Newhaven sits at the mouth of the River Ouse which snakes its way through the South Downs from Lewes. Although it’s a bustling modern town, Newhaven’s roots date back to at least the Bronze Age when there was a fort on what is now known as Castle Hill.
The Saxons were here too but for many centuries the main port remained in Seaford. But as the River Ouse changed course, Newhaven became more important and a sheltered harbour was created in the 16th century, representing the beginning of the town’s history as a port.
The railway arrived in 1847 and during World War I Newhaven harbour was the principal port for the movement of men and equipment to the continent. In World War II, Canadian troops were stationed in the town, all of which means that Newhaven has a rich and interesting history that colours town life. It’s also a town with a vibrant cultural scene and lots going on throughout the year. With this in mind, here are suggestions for things to do in Newhaven.
Sitting above the town on Castle Hill, Newhaven Fort is the town’s immersive museum. The fort itself was built in the 19th century and is the largest work of defence ever built in Sussex. Apart from the great views, there are also all sorts of exhibitions that take you through the history of the town. It’s a great place to start your discovery of Newhaven and the surrounding area.
The abandoned village of Tide Mills
On the other side of the river and a short walk from the harbour, you come to the abandoned village of Tide Mills. The village was condemned as unfit for habitation in 1936 and abandoned in 1939 but you can see the ruins of the many different houses and there are helpful information boards to guide you around the remains. It was also the site of stables for the rehabilitation of racehorses and a hospital which was the second residential site for Chailey Heritage School.
The Coastal Path
Newhaven isn’t far from the South Downs and the South Downs Way if walking is your thing but there are also some great coastal walks. The Sussex Ouse Valley Way and Vanguard Way both pass through the town as does England’s Coastal Path. There are stunning views from Castle Hill and along the cliff tops towards Peacehaven. However, our top tip would be rather than follow the designated Coastal Path on the east side of the harbour that goes along the railway and through an urban part of the town, follow the footpath that takes you through the Ouse Estuary Nature Reserve.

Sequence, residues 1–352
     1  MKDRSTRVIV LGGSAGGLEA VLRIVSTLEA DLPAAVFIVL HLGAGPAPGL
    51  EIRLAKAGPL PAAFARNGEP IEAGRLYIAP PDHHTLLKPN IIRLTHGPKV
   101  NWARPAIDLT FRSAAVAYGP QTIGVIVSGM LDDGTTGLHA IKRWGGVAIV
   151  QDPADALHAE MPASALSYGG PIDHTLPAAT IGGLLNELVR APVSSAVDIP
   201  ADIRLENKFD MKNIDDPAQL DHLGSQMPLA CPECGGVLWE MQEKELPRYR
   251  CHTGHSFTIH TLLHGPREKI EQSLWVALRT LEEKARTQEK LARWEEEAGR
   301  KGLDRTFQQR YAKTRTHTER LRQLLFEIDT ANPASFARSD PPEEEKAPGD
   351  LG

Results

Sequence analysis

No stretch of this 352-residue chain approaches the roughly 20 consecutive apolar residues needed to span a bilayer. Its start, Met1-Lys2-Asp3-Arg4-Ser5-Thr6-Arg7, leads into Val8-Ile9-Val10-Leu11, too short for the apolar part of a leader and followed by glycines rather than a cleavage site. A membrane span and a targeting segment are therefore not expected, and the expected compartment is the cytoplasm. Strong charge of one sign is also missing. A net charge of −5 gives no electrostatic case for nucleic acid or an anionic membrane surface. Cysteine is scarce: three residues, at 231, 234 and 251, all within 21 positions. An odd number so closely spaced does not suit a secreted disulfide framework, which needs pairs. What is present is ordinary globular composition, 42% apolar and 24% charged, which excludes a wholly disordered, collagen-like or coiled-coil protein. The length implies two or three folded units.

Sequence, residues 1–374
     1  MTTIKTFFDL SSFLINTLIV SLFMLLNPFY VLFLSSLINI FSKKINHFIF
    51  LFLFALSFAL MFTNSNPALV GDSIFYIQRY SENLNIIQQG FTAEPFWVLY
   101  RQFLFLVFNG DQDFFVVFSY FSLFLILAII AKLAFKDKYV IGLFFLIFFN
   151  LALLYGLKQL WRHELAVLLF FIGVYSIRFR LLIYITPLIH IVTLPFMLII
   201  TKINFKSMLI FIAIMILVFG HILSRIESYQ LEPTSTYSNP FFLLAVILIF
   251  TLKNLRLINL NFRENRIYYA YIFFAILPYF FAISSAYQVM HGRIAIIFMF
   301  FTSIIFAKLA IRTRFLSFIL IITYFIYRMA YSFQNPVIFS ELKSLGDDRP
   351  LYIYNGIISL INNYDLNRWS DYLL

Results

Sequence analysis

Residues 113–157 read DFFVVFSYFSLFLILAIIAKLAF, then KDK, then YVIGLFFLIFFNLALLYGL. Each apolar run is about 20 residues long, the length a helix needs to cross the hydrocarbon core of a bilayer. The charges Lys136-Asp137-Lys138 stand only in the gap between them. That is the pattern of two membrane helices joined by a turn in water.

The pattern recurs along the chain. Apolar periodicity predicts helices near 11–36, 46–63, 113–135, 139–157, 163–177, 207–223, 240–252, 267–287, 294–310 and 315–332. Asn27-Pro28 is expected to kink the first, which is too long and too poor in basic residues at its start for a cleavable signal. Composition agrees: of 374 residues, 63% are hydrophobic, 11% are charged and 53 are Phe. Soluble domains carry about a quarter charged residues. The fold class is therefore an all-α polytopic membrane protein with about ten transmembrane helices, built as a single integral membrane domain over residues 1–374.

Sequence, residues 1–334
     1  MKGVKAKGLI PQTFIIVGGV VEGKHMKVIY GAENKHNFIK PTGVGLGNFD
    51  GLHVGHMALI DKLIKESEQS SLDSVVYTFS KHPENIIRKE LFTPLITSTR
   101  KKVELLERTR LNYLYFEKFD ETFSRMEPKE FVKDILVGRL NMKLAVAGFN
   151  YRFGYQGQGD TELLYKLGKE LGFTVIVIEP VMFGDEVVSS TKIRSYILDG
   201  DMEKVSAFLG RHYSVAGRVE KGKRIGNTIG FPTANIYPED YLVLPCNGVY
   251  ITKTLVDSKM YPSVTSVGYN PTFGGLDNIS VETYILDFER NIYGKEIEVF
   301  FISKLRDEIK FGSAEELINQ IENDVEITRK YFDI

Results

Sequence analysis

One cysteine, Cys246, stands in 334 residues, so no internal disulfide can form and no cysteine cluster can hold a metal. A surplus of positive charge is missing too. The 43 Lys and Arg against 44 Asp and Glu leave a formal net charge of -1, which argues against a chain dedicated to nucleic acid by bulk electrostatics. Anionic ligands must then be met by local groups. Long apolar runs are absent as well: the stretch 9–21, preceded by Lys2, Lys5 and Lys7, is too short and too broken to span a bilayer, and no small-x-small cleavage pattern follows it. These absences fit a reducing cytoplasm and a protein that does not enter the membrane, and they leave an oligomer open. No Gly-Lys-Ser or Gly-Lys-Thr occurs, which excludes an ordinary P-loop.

Set a little back from the main town, Paradise Park has a series of gardens which include small lakes, waterfalls, fountains, plant houses and a heritage trail that showcases handcrafted models of historic landmarks that have shaped Sussex. There is also a Planet Earth Museum that guides visitors through the process of earth’s evolution, from the formation of the oldest rocks over 4 billion years ago to the still-forming youngest ones of today. If that’s not enough, in the winter (starting in November) they host Aglow (an enchanting luminary spectacle) and a Santa’s grotto.
Take a Boat Trip
Get yourself down to Newhaven Marina. Apart from lots of beautiful boats to admire, this is where you’ll catch Sussex Boat Trips which run fabulous trips along the coast including to the Seven Sisters and Birling Gap, and to Rampion Wind Farm.
Newhaven has a thriving cultural scene which now includes Newhaven’s annual festival which in turn includes a wide spectrum of activities and events. It sits alongside Art Wave (a celebration of artists and makers from across the district) and includes workshops, exhibitions, performances, displays, talks, walks and much more. This year (2023) it included the Following Ravilious Public Art Trail which runs to 29th October and includes giant billboards of Ravillious’ work and free talks.
A date for your diary in the spring is Newhaven’s annual beer festival, Brewhaven held in the Fort. There’s also music and stuff for kids to do with a playground and free craft activities.
Rodmell and Southease
From there, you can climb Itford Hill for amazing views of the River Ouse, Newhaven, Lewes and beyond. Alternatively, from Southease head towards Rodmell. There’s lots of interesting architecture there including, of course, Monk’s House – a 16th-century weatherboarded cottage owned by the National Trust and once home of Virginia Woolf. You’re also not far from Breaky Bottom here, one of the first Sussex vineyards planted way back in 1974.
Enjoy a game of golf
There are a couple of golf clubs in the vicinity of Newhaven. At nearby Peacehaven there is a 9-hole golf course. A little to the east, Seaford Golf Club has an 18-hole course on the South Downs with views of the sea and designed by the legendary J H Taylor. There’s another 18-hole course at Lewes.
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